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Consulates not told of immigrant drop-offs in Arizona

Floridalma Bineda Portillo, of Guatemala, and her sons, wait at the at the Greyhound bus terminal, Thursday, May 29, 2014 in Phoenix. About 400 mostly Central American women and children caught crossing from Mexico into south Texas were flown to Arizona this weekend after border agents there ran out of space and resources. Officials then dropped hundreds of them off at Phoenix and Tucson Greyhound stations, overwhelming the stations and humanitarian groups who were trying to help. (AP Photo/Rick Scuteri)

PHOENIX -- The drop-off of hundreds of illegal immigrants at the Greyhound Bus station in Phoenix in recent weeks came as a complete surprise to the leaders of two Central American consulates in the Valley.

"I learned immigrants from Central American were arriving in Phoenix as I was driving into work last week, listening to the radio," said Honorary Consul of Honduras Tony Banegas.

Banegas said he had to call Immigrations and Customs Enforcement (ICE) to try to get more information about the people bussed into Phoenix.

"We wanted to know at least the frequency and how many folks would be coming," he said.

Along with consuls from other Central American countries, Banegas asked for a list of names of who would be arriving and from which countries. ICE did not provide the information.

"Thanks to great volunteers, we've been able to help them with food and shelter," he said.

The Phoenix Restoration Project has taken the lead in welcoming the dozens of immigrants arriving since May 30. Volunteers are even opening their own homes to house them if they cannot make arrangements in a timely manner to continue on their way elsewhere in the U.S.

The plight of these Central American immigrants fleeing their home countries is deep-rooted in the troubling conditions they try to escape from.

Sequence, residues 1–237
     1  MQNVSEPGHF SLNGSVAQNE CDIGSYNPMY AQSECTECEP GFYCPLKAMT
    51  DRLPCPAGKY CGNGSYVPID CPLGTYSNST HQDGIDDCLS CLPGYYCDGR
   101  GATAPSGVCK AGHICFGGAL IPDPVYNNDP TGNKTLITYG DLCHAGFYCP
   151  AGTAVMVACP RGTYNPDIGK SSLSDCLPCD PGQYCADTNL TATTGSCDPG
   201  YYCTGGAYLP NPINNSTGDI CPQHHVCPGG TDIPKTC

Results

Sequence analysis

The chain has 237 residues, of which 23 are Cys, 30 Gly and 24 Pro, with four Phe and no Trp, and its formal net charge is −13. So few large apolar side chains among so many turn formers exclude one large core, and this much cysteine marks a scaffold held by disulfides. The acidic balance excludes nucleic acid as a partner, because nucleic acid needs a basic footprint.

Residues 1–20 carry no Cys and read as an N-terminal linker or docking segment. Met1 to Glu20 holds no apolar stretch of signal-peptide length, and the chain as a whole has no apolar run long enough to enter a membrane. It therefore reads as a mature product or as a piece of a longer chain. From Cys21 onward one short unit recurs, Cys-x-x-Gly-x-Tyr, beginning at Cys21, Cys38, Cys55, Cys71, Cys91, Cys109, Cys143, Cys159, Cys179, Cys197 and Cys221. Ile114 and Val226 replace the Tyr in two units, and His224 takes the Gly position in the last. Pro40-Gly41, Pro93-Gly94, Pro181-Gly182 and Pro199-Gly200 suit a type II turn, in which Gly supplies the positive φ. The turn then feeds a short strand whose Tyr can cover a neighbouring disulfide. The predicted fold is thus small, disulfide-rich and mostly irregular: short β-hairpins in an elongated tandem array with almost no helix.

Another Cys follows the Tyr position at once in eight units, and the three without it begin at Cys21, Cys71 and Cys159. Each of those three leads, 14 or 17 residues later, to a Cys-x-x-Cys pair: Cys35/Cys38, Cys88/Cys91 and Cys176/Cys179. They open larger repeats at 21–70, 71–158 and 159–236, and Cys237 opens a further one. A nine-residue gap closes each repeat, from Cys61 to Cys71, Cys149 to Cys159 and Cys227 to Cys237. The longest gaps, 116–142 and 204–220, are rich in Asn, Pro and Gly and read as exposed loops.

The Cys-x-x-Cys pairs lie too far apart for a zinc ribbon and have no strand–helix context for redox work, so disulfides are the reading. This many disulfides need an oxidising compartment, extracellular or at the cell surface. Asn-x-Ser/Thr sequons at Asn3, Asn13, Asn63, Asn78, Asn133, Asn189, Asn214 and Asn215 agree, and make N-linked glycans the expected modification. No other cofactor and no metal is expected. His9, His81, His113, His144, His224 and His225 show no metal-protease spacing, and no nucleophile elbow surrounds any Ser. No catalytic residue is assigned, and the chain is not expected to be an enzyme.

"People don't feel safe back home," said Maria Jimena Diaz, general consul of Guatemala in Arizona.

Almost echoing Diaz's words, Banejas describes conditions in their home countries as deteriorating.

"They're fleeing violence in their communities, some of their family members have been killed," Banegas said. "They're fleeing for their lives and asking for political asylum."

Asylum isn't guaranteed, explained Diaz.

"One of the concerns we have is what happens if immigrants are allowed to stay in the U.S. for a few months, but their cases are not accepted," she explained.

She worries deportations will cause even more hardship to immigrants already risking their lives crossing through Mexico to make it to the U.S.

Part of the decision pushing these immigrants to pick up and head north is word they are being released after capture.

"The human traffickers are selling it to immigrants in a way that says ‘If you come with a child, the United States will allow you to stay here,'" Diaz said.

Over 400 immigrants were transported from Texas to Arizona by plane to be processed by Border Patrol in Tucson. DHS has then been bussing dozens of them to bus stations in Phoenix and in Tucson.

"People I've spoken arriving at the bus stations have court dates [with ICE] in two weeks," said Banejas.

Meanwhile, growing calls for answers from Arizona Gov. Jan Brewer and Arizona's congressional delegation remain unanswered by the White House.

While humanitarian groups continue to take center stage in providing basic necessities to illegal immigrants who continue to be dropped off in Phoenix, the consuls of Honduras and Guatemala still see no end in sight to the plight of migrants leaving their home countries for a better life. These people will likely be dropped off in El Paso, Texas for the near-future. It is unclear why that city and what could happen next.

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